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The gender of opponents: Explaining gender differences in performance and risk-taking?

Michael Jetter () and Jay Walker ()

European Economic Review, 2018, vol. 109, issue C, 238-256

Abstract: Analyzing 8169 contestants over 32 years of the US game show Jeopardy!, we find that women compete more aggressively, become (marginally) more competitive, and take on more risk when paired against men. Specifically, a woman is more likely to win a Jeopardy! episode and, within the show, to respond to a clue. Once responding, she is also marginally more likely to respond correctly. Potentially most surprising, even the sizeable gender gap in risk-taking (analyzing Daily Double wagering decisions) disappears once a woman competes in an otherwise all-male field of competitors. Men, on the other hand, wager significantly less when paired against women only, but the gender of opponents does not affect their competitive performance otherwise. Our rich sample allows us to control for a host of potentially confounding factors and player-fixed effects, thereby eliminating potential biases from unobservable individual characteristics. Our findings are consistent with an explanation that emphasizes an adaptation to “social norms” applied to gender.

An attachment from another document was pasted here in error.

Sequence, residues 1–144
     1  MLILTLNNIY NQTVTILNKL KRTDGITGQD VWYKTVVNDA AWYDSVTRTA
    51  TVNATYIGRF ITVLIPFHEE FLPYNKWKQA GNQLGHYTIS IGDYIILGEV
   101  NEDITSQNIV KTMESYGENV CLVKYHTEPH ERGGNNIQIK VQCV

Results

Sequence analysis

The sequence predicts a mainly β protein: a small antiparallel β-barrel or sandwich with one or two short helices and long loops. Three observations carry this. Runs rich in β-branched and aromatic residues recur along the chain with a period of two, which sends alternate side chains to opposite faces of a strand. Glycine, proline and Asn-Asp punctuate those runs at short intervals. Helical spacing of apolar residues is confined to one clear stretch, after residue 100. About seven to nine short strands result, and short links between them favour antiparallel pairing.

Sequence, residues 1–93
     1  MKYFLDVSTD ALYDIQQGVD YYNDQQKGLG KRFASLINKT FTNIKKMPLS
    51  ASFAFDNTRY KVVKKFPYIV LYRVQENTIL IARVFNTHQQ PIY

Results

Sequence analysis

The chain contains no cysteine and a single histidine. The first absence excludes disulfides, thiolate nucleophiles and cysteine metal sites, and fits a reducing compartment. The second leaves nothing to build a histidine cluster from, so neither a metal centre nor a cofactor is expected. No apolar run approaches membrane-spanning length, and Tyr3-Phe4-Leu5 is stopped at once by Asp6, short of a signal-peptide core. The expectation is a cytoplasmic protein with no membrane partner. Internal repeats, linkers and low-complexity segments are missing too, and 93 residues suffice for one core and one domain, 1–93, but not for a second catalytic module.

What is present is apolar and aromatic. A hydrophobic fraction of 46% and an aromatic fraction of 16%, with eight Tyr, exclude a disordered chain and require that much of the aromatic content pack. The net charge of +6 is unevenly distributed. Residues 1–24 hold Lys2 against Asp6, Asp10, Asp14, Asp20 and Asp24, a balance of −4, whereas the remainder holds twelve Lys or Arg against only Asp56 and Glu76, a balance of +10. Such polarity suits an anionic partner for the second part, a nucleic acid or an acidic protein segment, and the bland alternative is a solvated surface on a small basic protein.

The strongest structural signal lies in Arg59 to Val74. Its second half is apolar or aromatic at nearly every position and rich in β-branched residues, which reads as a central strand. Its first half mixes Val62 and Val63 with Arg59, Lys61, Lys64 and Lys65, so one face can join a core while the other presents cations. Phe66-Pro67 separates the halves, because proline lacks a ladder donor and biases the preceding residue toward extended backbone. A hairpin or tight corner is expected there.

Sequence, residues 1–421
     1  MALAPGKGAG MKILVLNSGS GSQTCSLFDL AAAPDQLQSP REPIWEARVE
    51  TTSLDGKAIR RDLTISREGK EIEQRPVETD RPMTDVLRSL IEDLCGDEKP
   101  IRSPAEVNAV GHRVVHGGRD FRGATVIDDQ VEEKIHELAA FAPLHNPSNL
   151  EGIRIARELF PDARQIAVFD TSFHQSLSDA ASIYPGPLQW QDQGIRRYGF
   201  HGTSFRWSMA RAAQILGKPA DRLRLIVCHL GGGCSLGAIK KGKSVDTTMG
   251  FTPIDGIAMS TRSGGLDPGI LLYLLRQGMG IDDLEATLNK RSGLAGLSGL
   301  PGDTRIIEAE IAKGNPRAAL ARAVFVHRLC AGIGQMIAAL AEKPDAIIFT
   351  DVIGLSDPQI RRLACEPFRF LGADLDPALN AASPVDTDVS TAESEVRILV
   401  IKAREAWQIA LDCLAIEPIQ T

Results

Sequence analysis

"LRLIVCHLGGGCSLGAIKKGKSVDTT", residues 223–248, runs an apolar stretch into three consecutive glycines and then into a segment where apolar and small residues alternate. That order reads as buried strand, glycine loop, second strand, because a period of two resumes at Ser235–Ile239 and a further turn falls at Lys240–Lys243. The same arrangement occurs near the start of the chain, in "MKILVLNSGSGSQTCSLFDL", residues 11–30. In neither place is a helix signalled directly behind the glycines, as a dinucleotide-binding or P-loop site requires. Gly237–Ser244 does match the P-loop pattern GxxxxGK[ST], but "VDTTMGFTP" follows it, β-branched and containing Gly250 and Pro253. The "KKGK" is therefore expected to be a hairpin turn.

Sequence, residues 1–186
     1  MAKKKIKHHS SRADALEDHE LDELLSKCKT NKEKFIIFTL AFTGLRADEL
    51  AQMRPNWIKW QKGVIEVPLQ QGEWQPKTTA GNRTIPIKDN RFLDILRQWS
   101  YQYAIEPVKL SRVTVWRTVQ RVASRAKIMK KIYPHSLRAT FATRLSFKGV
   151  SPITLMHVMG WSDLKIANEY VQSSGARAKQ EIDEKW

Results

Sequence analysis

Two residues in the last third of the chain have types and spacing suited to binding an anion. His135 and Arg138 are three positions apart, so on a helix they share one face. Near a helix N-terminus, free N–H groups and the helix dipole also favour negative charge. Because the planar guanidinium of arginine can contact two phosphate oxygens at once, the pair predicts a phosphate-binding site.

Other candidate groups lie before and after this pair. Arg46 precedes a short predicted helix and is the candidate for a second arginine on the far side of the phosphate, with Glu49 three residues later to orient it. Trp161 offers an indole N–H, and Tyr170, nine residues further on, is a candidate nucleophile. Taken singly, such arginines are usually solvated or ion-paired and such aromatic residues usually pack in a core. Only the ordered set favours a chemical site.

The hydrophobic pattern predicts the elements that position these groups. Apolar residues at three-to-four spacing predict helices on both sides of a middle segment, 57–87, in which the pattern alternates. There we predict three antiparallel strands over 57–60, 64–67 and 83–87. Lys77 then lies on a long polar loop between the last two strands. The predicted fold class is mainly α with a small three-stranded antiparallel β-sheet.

Keywords: Competition; Financial decision-making; Gender differences; Performance under high pressure; Risk attitudes (search for similar items in EconPapers)
JEL-codes: D03 D81 G02 J10 J16 (search for similar items in EconPapers)
Date: 2018
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